In a Time of Universal Deceit, Telling the Truth is Revolutionary.
Monday, April 12, 2021

Gang Violence in Chicago

I’ve never lived near gangs but I’m certain they can be found in many cities. Can anyone explain why so many teenagers have the kind of free time to allow them to look for trouble? We are in the period where schools are in session. In my child hood we took on kids from other schools but on the volleyball and tennis courts.

Our Attorney General Holder is attending the meeting in Chicago which could mean our National Guard might be asked to intervene. These are teen gangs. Rev. Jesse Jackson mentions that the kids are hungry and we should be furnishing 3 meals a day to the kids. He is trying to blame all of us for the out-of-control teens in our cities.

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On my watch!!!

Again it happens, history returns a cycle
Old events wears new attire
Man´s worst ingenuity on the move
As active disguise transforms guilt to fun.

Dust to dust and ashes to ashes
Woe to the man in the middle
Efforts wane and eyes deaden
But hope revived by the voice of Thunder.

Vexed nature in cosmic revolt
Multiple excuses for erratic evolution
Happy or sad, great Darwin, his work overdone
Yet to explain the return of time.

On my watch I have seen
Postures assumed based on artificial realities
Realities portraying another reality
Angry nature in quest of clarity
Versus man in consistent state of denial.

……… From Gitmo to here. Doug it´s great that you are still here.

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Let’s face it: Obama is a failure

Originally, the promise was universal health care for all Americans but not one bill in the House or the Senate provides that and the main Senate bill mandates health care for all Americans whether they can afford it or not. Those who can’t face a fine…or maybe even jail.

Originally, the promise was “affordable” health care but the legislation percolating in both Houses of Congress will drive health insurance costs up, not down.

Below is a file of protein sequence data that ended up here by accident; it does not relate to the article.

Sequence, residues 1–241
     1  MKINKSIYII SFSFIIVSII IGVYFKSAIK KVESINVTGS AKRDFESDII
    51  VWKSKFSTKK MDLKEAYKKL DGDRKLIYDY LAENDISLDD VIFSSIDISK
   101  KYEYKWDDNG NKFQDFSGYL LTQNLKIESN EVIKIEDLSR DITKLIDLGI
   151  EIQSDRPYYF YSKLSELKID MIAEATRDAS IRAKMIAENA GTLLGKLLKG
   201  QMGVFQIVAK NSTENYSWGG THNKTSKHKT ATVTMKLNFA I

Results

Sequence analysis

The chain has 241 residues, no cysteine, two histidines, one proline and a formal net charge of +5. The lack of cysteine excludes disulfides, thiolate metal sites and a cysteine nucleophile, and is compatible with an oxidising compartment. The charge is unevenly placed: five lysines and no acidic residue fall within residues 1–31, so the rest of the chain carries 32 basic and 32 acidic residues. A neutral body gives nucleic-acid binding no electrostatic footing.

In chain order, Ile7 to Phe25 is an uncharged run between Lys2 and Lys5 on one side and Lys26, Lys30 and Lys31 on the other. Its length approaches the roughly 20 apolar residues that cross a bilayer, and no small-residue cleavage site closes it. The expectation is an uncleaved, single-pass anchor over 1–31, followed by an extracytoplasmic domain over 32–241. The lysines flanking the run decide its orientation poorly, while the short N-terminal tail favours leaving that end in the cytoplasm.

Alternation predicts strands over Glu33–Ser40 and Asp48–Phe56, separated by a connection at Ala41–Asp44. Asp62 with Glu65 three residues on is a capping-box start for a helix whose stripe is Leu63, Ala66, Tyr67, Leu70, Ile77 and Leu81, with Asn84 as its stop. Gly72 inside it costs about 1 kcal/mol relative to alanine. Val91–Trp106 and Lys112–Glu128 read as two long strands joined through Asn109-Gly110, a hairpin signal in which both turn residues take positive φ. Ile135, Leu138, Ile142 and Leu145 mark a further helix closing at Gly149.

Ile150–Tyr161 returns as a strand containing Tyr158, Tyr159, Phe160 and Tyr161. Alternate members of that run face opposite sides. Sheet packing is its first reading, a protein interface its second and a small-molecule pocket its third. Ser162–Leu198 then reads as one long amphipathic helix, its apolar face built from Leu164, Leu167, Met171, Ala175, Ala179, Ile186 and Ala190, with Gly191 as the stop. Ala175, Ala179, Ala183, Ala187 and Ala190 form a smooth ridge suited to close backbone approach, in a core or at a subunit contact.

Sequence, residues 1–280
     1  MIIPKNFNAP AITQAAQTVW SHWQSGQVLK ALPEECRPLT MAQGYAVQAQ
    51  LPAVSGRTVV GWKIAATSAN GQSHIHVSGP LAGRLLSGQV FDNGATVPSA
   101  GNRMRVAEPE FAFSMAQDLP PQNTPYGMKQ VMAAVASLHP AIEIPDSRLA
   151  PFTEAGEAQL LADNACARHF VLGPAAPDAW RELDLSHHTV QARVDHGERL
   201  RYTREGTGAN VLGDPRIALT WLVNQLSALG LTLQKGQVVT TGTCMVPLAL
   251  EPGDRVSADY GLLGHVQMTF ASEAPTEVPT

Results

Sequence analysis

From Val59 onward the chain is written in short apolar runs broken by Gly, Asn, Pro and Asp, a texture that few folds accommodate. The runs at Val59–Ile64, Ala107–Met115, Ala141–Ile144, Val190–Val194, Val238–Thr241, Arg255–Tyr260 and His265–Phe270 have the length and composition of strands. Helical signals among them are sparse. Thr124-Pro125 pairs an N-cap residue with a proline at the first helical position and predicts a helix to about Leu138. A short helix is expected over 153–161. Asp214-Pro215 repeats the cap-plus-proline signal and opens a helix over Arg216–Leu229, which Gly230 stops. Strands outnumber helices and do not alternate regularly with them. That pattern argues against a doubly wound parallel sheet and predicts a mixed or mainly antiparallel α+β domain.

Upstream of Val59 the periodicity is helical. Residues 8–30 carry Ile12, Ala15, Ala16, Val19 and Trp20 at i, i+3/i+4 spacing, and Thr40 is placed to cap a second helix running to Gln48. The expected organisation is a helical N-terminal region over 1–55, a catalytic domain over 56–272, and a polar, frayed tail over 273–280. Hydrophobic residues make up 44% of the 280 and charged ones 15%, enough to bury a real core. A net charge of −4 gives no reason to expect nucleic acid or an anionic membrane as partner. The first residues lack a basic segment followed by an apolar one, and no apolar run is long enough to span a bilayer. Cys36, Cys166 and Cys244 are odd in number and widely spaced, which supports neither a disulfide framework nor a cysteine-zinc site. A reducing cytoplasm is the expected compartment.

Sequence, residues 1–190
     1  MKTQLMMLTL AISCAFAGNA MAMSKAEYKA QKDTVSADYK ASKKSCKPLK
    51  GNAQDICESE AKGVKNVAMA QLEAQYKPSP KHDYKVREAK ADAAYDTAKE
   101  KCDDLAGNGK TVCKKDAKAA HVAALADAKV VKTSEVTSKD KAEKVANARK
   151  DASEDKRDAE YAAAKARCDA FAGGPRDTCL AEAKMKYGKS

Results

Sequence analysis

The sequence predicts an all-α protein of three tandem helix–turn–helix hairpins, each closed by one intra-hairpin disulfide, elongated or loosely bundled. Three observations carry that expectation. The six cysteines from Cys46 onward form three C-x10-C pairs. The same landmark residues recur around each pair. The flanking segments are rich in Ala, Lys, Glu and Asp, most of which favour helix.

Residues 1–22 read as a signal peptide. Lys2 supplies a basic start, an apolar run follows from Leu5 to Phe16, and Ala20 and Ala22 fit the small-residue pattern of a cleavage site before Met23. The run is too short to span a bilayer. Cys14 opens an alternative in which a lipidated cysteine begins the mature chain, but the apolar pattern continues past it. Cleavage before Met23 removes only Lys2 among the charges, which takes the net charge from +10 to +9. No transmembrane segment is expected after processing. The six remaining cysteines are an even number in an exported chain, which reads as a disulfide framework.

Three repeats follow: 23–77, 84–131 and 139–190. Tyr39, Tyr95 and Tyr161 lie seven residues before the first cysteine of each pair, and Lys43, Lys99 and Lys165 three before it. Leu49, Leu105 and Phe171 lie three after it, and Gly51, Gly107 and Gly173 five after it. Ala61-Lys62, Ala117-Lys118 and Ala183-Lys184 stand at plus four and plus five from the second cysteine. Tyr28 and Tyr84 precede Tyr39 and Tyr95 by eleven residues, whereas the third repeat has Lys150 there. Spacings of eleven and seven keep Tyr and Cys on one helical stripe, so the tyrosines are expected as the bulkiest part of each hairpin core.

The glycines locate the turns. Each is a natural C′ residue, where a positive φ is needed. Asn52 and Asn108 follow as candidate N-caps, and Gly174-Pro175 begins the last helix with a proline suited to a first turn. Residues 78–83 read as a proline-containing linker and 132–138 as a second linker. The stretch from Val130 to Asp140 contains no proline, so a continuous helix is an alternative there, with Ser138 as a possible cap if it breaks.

Once again, reality falls short of promises and actuality fails to meet expectations.

President Barack Obama wanted health care reform to be the centerpiece of his Presidency. Now it could be the failure that limits his time in office to a single term.

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The lazy, lax work schedule of Congress

Like most Americans, members of the House are expected to report promptly — no excuses — when summoned by their bosses for the start of another workweek. One difference: For lawmakers, starting time doesn’t come until about 6:30 Tuesday evening.

After taking control of the House in 2006 — and again when President Barack Obama was elected president in 2008 — Majority Leader Steny Hoyer (D-Md.) boasted that lawmakers would work four or five days a week to bring change to America.

But midway through Obama’s first year in office, Hoyer’s House has settled into a more leisurely routine. Members usually arrive for the first vote of the week as the sun sets on Tuesdays, and they’re usually headed back home before it goes down again on Thursdays.

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Obama weighs his options on Afghan war

On the eighth anniversary of the beginning of the war in Afghanistan, President Barack Obama is gathering his national security team for another strategy session.

Obama is examining how to proceed with a worsening war that has claimed nearly 800 U.S. lives and sapped American patience. Launched after the Sept. 11, 2001, terrorist attacks to defeat the Taliban and rid al-Qaida of a home base, the war has lasted longer than ever envisioned.